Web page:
A young mother of two-year-old twins wanted to start a home-based business. She decided to put everything aside for a season, except for the responsibilities of caring for her young family. Having toddler twins, she'd already given up hobbies. What else could be cut from an already full schedule in order to give her business room to grow? She examined her daily and weekly schedule, then made changes to her lifestyle. She whittled down meal preparation to a minimum by rotating two weekly menus. Her husband didn't mind because she'd chosen some easy favorites. She completely stopped entertaining and didn't accept invitations. She literally didn't do anything more than take care of her family and concentrate on her career. In time, her children thrived and so did the business. Once she made a decent profit, she hired help. With a little more free time, she began finding balance and adding back into her life some of the things she'd given up, like entertaining.
For our large family, dining out was a rare luxury. My husband would eat cheaply on his business trips, then treat us to pizza with the money he'd saved. Today, with half the family working and attending college, I don't feed as many kiddos. So pizza has become standard fare for the younger boys. But I don't mind giving up preparing a home-cooked meal once a week. Not at all. That's one sacrifice I make gladly.
I don't enjoy cleaning my house but I really appreciate a neat environment. In the past, friends would look around my home and say, "Wow. You've got seven kids, yet it's so clean." I really liked the "wow." Prided myself on it, in fact. But think of all the books that might have been written, if I'd cleaned a little less, written a bit more. Well, no one says "wow" about the house today. And that's okay by me. I'm holding out for the potential some day to hear a "wow" about a book I've written.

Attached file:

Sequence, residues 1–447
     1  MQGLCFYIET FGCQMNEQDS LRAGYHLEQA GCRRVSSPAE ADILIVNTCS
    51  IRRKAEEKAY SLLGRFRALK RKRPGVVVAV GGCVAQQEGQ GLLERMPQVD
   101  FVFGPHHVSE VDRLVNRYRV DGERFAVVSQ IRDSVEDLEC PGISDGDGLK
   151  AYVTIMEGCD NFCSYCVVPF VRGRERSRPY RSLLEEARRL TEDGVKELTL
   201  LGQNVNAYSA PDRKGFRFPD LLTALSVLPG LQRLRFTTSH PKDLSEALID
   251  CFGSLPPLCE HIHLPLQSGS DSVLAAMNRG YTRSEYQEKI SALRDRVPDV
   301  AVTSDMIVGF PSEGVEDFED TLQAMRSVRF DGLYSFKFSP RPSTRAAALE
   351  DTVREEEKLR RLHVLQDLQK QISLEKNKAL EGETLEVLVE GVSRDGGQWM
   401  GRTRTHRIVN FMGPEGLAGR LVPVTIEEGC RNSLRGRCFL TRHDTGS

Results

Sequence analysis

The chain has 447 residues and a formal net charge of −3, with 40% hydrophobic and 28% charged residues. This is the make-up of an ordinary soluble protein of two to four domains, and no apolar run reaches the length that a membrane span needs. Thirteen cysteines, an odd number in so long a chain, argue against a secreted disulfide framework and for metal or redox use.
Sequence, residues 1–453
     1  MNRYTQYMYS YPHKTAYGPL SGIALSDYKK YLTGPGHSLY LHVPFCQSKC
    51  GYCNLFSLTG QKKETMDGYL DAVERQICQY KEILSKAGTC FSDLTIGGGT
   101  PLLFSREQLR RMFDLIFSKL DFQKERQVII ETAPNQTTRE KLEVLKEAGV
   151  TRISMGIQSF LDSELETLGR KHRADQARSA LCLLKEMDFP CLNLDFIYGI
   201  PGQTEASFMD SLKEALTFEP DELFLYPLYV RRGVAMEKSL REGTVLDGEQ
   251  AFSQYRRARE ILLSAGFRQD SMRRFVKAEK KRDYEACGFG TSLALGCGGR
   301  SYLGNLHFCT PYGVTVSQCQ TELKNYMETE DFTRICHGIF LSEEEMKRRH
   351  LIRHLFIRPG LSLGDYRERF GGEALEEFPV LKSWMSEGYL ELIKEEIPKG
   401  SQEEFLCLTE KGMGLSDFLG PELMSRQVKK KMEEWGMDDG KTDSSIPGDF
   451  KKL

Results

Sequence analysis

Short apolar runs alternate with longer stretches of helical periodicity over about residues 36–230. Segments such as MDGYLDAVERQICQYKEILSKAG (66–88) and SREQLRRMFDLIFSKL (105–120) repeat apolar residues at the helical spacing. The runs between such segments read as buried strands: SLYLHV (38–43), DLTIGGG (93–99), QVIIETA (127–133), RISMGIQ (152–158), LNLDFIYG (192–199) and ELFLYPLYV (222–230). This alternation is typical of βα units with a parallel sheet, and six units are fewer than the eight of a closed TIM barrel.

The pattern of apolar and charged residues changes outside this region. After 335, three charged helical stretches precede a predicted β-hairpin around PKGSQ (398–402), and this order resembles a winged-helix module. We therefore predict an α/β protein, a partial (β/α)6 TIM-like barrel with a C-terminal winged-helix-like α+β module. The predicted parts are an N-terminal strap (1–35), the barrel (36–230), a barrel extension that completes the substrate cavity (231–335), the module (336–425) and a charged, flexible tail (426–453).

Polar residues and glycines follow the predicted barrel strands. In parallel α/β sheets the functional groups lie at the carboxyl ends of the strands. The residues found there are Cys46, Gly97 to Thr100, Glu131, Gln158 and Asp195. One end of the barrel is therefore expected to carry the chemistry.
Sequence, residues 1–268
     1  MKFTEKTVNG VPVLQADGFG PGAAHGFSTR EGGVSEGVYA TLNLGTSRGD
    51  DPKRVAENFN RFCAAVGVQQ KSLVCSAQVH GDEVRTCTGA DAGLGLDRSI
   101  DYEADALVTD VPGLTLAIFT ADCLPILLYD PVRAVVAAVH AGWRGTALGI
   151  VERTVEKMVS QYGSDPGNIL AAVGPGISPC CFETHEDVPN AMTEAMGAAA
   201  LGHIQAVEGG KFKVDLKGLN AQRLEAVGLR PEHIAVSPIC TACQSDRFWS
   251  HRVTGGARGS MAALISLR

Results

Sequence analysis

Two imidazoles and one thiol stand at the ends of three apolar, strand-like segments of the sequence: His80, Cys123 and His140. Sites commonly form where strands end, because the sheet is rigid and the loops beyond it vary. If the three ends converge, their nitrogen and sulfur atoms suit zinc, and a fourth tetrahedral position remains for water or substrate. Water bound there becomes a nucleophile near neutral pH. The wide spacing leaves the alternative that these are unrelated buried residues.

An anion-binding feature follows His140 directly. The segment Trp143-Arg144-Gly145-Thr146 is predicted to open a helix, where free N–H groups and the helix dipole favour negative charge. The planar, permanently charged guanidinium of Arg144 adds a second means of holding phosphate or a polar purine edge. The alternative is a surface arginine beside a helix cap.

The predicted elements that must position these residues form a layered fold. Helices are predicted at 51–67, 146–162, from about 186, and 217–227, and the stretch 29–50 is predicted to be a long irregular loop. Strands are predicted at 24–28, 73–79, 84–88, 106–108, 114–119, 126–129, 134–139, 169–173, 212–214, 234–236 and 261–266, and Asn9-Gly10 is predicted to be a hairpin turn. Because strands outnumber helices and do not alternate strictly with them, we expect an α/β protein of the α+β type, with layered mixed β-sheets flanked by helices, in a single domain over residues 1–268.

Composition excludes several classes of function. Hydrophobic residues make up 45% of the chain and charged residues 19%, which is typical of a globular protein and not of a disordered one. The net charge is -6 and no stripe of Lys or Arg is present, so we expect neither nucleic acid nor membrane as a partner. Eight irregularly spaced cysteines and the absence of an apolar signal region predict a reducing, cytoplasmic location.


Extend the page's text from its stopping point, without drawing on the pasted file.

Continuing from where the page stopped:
Now, my youngest child attends preschool a few hours each day. Like nearly everyone in our fast-paced society, a long list of demands could easily fill those hours. But I refuse to use that premium writing time to de-clutter or organize my home. My motto of "work before play" meant I'd always cleaned house, then if I had time to spare, I'd write. Writing was merely a hobby I hoped would become my vocation. I must view writing as my work. So I need to take my job seriously and cut out the things--besides taking care of my family or my relationship with God--that prevent me from reaching my dream of publication.
No one reaches success in sports or business without great sacrifices of time, money, or even relationships. These decisions aren't made lightly. Yet, every day, we decide how dedicated we are about writing when we choose how to spend our time.
What hinders your writing? What changes can you to make? What are you willing sacrifice to make your dreams come true?
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